• where secured or preferential creditors are seeking to realise property

The Company Administration Process

  1. Appointment of administrator
  2. After appointment, the IP has 8 weeks to send out the formal proposals for the administration to all of the creditors
  3. Proposal must be voted on and passed by creditors for the process to continue
  4. Creditors meeting (usually virtual)
  5. IP must send out statement of affairs ever 6 months
  6. At a certain point the administrator exits the administration, either through a areturn to profitability, Company Voluntary Arrangement, pre-pack sale or liquidation.
  7. Administration automatically ends after a 12-month period, unless it is formally extended

Can a Company Still Trade When in Administration?

It is commonplace for companies to continue trading while in administration. This is known as a ‘trading administration.’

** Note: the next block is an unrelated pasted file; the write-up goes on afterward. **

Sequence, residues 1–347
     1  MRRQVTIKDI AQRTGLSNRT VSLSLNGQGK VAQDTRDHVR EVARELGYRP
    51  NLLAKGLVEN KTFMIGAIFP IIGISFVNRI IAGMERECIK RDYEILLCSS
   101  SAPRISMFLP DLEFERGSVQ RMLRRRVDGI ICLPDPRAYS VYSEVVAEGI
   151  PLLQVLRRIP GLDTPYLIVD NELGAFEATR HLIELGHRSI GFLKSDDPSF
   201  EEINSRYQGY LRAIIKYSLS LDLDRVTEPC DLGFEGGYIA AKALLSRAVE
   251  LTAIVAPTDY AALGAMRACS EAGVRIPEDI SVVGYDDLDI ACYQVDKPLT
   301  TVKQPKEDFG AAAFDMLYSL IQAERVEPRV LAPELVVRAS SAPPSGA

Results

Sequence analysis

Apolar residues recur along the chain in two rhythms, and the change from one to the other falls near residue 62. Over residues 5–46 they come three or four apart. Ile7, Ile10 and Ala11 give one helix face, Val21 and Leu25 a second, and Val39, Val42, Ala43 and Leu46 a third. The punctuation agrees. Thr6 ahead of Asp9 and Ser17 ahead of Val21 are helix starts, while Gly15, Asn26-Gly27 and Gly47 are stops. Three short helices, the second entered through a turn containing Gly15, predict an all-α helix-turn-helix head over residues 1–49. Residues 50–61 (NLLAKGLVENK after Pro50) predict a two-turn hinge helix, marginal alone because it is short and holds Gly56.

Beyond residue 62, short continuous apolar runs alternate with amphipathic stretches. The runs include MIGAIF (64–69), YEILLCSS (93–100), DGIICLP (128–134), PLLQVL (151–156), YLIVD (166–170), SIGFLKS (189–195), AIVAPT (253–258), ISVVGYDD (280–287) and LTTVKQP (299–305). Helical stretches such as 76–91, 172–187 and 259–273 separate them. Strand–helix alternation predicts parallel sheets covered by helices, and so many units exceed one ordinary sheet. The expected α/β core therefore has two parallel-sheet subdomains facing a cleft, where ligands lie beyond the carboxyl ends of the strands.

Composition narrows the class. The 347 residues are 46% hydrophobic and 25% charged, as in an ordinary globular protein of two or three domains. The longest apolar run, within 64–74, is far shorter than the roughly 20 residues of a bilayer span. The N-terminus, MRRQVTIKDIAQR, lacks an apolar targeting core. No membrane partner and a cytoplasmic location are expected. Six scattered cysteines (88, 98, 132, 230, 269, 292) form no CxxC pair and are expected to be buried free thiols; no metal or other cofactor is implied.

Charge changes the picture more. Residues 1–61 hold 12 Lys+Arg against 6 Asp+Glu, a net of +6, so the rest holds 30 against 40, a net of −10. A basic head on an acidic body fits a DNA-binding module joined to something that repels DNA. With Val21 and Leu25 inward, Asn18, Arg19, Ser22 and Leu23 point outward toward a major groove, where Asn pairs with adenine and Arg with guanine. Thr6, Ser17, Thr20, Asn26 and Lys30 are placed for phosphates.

Trading administrations are usually opted for in the case of a big brand, perhaps a well known retail store or a football club. In these instances, there would be negative PR should the business close its doors which would damage the brand as a whole, hence the decision is made to keep things running while the administrator works behind the scenes.

Role of the Administrator

The administration is managed by an insolvency practitioner, who essentially becomes the new chief executive of the company and takes the responsibility of managing the company away from the directors.

The administrator has eight weeks to write a statement setting out what he/she intends to do. This will be one of the following:

  • Restore the company’s viability
  • Come to an arrangement with creditors
  • Sell the business as a going concern
  • Realise assets to pay a preferential or secured creditor